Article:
Compare Arranged Marriage, where the promise is made by third parties (usually parents) and any legal action would be brought against one or more of the arrangers, not against the prospective bride or groom. May overlap with Runaway Fiancé, where the man simply flees to avoid his obligation without bothering to tell his betrothed that the wedding is off, or Runaway Groom, where he flees on the wedding day. It could also involve a Child Marriage Veto.
- In Ranma ½, Ukyo Kuonji was a victim of this twice over, first when she made a Childhood Marriage Promise with Ranma Saotome and then when their fathers agreed to marry their children, but Ranma's father Genma ran off with both his son and Ukyo's dowry and left her to believe it was all Ranma's fault. Once she finally tracks the Saotomes down and realizes Ranma wasn't the responsible party she forgives him, but since she does actually still like him sticks around and becomes yet another member of Ranma's Unwanted Harem.
- In She Couldn't Say No (1940), the plot revolves around two lawyers (Richard Pryor and Eve Arden) representing opposing sides in a modern-day breach of promise suit.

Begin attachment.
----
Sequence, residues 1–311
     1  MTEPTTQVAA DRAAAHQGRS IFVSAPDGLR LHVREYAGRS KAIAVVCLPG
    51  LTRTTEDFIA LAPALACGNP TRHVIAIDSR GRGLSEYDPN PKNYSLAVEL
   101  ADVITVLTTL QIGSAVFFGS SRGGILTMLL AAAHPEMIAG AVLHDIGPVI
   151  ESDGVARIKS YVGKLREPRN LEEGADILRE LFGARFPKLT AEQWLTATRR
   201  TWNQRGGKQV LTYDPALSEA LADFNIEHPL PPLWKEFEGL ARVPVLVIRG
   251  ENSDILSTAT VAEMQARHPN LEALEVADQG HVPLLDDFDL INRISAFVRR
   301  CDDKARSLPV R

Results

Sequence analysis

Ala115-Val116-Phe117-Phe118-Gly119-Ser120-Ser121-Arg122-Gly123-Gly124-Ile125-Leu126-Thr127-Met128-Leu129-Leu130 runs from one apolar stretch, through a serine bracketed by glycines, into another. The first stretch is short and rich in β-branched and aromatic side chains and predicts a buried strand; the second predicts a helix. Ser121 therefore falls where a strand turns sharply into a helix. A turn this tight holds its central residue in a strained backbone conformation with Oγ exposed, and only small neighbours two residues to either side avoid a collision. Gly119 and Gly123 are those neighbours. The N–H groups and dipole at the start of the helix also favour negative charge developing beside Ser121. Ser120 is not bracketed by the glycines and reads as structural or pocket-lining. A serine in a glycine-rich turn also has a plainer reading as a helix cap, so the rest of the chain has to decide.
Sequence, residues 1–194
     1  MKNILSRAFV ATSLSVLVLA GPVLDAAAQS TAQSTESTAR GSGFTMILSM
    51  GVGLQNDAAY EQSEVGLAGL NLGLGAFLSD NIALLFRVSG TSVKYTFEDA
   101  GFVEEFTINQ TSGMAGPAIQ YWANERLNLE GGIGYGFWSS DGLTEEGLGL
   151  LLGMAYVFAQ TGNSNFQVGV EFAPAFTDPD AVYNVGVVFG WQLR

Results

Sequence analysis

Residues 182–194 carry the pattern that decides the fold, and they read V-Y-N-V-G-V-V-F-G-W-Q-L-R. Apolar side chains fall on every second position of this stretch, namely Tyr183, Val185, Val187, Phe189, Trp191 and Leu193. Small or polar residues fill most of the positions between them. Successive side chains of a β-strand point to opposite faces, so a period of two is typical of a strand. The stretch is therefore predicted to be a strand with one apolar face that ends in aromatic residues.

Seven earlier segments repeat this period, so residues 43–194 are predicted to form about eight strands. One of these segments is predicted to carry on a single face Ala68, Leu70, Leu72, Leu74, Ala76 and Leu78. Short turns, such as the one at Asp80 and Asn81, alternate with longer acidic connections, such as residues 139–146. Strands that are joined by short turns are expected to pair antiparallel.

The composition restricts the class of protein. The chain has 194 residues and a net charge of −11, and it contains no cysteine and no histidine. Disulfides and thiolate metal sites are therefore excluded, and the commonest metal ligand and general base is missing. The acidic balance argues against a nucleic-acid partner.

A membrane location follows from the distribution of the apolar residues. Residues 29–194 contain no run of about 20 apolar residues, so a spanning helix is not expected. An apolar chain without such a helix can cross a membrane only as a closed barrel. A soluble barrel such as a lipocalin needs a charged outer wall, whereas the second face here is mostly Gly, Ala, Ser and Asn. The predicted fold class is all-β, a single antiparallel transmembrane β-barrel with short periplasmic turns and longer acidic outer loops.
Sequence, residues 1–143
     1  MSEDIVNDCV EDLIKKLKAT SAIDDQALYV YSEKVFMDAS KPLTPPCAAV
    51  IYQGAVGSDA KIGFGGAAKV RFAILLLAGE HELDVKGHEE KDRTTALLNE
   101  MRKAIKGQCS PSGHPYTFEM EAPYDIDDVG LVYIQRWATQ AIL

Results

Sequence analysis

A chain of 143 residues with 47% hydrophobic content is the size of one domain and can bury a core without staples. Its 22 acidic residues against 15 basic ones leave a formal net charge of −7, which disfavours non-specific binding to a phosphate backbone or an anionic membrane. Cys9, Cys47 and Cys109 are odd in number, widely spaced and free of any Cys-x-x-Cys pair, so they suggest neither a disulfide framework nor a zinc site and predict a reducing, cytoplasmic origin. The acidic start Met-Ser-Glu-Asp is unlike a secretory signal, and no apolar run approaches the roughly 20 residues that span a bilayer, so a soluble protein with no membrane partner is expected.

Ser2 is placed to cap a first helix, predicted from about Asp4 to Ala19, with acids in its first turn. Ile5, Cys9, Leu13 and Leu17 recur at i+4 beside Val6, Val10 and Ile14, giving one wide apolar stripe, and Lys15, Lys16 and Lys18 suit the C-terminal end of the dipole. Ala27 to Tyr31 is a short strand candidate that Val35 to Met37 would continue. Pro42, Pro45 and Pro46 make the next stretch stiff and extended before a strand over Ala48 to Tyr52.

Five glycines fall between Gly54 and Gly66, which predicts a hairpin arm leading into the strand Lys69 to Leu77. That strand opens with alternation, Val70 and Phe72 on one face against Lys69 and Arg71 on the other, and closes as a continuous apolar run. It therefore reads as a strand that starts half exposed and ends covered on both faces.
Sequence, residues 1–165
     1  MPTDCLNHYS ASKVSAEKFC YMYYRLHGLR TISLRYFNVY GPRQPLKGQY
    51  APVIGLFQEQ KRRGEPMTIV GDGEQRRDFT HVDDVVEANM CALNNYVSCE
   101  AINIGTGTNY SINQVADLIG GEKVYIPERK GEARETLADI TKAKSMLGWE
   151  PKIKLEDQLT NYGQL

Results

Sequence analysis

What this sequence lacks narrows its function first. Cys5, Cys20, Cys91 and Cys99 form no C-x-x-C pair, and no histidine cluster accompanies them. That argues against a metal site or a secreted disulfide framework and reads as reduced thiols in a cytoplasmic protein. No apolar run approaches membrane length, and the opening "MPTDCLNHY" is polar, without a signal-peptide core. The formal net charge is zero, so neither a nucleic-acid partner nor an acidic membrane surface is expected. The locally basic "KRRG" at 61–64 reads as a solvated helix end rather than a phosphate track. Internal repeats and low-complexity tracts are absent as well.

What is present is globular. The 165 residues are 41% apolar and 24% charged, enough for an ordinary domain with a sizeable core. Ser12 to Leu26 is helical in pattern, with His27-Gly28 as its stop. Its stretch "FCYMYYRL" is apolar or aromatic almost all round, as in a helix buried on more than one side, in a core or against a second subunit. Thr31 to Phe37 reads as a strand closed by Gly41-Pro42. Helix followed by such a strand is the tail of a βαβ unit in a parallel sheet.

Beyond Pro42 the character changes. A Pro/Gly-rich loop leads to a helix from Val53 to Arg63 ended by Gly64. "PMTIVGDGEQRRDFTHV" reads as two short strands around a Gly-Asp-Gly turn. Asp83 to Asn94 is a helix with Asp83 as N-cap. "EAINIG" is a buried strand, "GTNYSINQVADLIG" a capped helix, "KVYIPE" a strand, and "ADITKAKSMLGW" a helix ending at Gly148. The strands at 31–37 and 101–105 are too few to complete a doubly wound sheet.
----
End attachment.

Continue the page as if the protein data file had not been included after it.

- Desire: Alluded to in a Getting Crap Past the Radar moment. Tom says that he grows on people. As an example he cites one girl back home, who didn't like him at first, but he was persistent, and he grew on her, until..."She sued me."
- Referenced in, of all places, A Hard Day's Night, where Paul describes his grandfather (the clean old man) as a "villain, a real mixer, who'll cost you a fortune in breach of promise cases".
- Havana Widows: Two burlesque dancers go to Havana with the express intent of finding a rich sucker to lure into a breach-of-promise case.
- Mentioned in Libeled Lady (1936). Warren Haggerty has left Gladys Benton waiting at the altar while he rushes to his newspaper office to deal with an emergency. When Gladys shows up and tries to drag him off to the church, he protests:
Warren: I can't go...the paper's in a jam! We're facing a libel suit!
Gladys: You're facing a breach of promise suit! If you don't want to marry me, say so!
- In "I'm No Angel" (1933) Tira sues Jack for breach of promise when he breaks off his engagement to her after finding another man in her apartment who is dressed only in a bathrobe.
- Played straight in The Carpetbaggers, which sees the Howard Hughes Expy Jonas Cord as the defendant in several Breach of Promise lawsuits.